Bristol-Myers Squibb CompanyPresented to Chairman James M. Cornelius
The SECURE THE FUTURE® Technical Assistance Program (TAP) provides technical assistance, capacity-building tools and seed funding to extend community-based approaches for fighting HIV/AIDS to an increasing number of African countries and communities.
SECURE THE FUTURE® is Bristol-Myers Squibb’s pioneering $160 million initiative addressing HIV/AIDS in Africa. Since 1999, SECURE THE FUTURE® has engaged in more than 240 projects in more than 20 countries. Now in its third evolution, SECURE THE FUTURE® is leveraging its past investments by sharing its lessons across the continent.
|SECURE THE FUTURE®CECP presents the Pesident’s Award to Bristol-Myers Squibb Company for its SECURE THE FUTURE® Technical Assistance and Skills Transfer Program.|
TAP’s faculty of 50 experts from across Africa includes former grant recipients and partners who have excellent community engagement and program management skills. Uniquely, TAP represents a philanthropic program that has grown in impact, even with reduced financial support, by focusing on providing South-South (Africa to Africa) skills and knowledge transfer across Africa using human resources and community-based solutions.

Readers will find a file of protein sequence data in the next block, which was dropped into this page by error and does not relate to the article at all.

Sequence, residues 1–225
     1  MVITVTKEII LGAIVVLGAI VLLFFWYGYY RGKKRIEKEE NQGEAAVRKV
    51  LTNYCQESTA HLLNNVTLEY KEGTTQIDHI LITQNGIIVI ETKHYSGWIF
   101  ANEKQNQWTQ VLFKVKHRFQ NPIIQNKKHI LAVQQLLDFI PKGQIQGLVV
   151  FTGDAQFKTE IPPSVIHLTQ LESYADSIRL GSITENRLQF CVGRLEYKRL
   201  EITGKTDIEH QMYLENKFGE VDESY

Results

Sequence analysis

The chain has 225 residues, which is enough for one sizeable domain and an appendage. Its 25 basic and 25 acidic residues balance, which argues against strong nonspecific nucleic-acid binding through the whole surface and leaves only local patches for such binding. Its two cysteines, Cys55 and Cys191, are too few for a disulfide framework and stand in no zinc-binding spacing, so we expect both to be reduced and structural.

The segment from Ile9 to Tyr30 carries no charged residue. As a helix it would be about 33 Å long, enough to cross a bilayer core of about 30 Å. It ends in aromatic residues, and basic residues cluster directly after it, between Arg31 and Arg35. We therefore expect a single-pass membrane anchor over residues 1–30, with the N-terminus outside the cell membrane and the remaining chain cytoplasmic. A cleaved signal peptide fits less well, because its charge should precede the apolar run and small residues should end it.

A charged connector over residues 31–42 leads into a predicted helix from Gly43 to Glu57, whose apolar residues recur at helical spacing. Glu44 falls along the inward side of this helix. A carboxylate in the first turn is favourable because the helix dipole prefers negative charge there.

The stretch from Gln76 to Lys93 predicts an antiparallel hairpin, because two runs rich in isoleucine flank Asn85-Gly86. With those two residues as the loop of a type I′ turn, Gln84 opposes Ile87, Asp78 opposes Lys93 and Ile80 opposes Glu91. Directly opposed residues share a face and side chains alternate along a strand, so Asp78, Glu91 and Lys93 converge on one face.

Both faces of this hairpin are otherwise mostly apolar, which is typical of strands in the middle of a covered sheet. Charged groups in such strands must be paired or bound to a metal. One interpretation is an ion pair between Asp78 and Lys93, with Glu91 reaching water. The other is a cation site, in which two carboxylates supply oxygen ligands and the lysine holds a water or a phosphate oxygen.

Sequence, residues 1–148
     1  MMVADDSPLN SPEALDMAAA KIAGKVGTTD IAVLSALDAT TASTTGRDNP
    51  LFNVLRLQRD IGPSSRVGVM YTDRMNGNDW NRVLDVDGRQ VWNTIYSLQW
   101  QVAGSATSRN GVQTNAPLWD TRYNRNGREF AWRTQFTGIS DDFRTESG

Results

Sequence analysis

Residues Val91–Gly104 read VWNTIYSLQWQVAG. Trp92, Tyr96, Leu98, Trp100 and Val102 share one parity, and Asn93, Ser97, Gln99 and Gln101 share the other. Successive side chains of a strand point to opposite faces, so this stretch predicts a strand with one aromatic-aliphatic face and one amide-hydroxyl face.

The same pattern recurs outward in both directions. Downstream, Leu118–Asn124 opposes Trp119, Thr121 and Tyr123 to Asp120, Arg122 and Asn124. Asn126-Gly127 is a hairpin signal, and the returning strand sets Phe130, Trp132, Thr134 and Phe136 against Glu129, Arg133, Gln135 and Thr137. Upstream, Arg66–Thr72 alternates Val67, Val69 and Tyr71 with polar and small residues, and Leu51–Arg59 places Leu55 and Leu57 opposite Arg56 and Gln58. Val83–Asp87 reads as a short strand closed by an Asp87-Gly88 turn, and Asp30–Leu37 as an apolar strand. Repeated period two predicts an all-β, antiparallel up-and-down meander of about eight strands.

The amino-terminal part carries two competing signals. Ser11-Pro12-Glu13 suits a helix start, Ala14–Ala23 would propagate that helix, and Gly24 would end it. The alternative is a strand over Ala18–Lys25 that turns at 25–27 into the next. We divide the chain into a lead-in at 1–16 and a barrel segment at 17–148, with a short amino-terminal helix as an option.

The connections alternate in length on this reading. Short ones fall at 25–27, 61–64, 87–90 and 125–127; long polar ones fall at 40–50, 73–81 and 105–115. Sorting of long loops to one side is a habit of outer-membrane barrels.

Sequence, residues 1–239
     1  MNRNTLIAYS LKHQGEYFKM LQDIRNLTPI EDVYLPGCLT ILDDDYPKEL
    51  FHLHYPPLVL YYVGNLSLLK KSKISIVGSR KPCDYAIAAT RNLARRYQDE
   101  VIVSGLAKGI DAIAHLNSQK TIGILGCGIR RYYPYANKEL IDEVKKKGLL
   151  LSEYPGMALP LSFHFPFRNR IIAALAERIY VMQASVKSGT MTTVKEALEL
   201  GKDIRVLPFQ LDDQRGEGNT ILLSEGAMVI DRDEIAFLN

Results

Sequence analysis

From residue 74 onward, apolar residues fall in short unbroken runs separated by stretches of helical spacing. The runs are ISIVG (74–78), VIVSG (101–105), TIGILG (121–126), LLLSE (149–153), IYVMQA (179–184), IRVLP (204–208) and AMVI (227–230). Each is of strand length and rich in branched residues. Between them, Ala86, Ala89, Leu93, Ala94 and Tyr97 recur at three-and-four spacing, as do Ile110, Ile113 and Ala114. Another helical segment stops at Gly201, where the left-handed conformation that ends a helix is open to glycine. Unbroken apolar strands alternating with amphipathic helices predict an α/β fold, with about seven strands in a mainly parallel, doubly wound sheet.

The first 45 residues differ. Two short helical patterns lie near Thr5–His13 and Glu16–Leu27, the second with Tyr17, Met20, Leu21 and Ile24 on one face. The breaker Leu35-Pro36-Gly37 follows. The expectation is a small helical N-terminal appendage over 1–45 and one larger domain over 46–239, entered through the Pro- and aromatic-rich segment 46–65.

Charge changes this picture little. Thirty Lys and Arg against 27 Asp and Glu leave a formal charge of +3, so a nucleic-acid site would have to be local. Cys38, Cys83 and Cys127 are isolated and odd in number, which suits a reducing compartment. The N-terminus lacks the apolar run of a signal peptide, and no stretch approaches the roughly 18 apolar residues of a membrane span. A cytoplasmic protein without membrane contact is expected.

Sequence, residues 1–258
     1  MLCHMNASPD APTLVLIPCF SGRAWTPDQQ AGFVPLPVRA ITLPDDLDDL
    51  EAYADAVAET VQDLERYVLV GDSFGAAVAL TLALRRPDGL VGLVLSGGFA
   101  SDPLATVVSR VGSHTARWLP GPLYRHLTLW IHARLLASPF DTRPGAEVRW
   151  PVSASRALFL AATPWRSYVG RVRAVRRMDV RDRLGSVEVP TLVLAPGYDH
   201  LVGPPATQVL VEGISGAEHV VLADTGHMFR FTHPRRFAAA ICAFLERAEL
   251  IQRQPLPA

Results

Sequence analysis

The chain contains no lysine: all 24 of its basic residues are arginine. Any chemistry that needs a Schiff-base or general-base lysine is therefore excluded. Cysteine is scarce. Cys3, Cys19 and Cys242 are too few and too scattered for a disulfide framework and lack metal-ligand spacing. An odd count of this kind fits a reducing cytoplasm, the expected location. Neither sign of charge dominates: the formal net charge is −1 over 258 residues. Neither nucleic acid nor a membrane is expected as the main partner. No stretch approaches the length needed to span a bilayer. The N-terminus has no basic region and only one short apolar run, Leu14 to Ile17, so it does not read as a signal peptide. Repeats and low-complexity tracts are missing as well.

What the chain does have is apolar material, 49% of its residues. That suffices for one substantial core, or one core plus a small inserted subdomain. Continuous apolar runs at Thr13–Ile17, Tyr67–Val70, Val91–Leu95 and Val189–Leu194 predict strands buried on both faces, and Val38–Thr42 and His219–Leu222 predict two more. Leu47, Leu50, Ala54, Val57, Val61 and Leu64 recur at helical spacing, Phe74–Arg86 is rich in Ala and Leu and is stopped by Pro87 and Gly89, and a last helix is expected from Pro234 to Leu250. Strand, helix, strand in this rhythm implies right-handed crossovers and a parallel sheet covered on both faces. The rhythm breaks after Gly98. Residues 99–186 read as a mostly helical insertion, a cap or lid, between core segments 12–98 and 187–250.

A recent outcome evaluation by Accenture Development Program found that, “The South-South model executed by STF TAP is unique in its approach, having dramatic outcomes and doing so in a cost effective manner. It has proven to be an effective way to mobilize communities in the fight against HIV/AIDS, resulting in the training of more than 2,200 local resources and the support of over 1 million individuals affected by HIV/AIDS in hard-to-reach areas in just the 16 sites that we evaluated.”
The program is scalable for local needs and replicable precisely because of its local structure and objectives. Many community-based approaches applied to HIV/AIDS are being transferred to strengthen other Foundation programs around the globe. Additionally, the lessons learned around HIV in Africa are being applied to a new $100 million Foundation initiative addressing another difficult disease and population group, adult type 2 diabetes in the U.S., and especially among affected minority populations.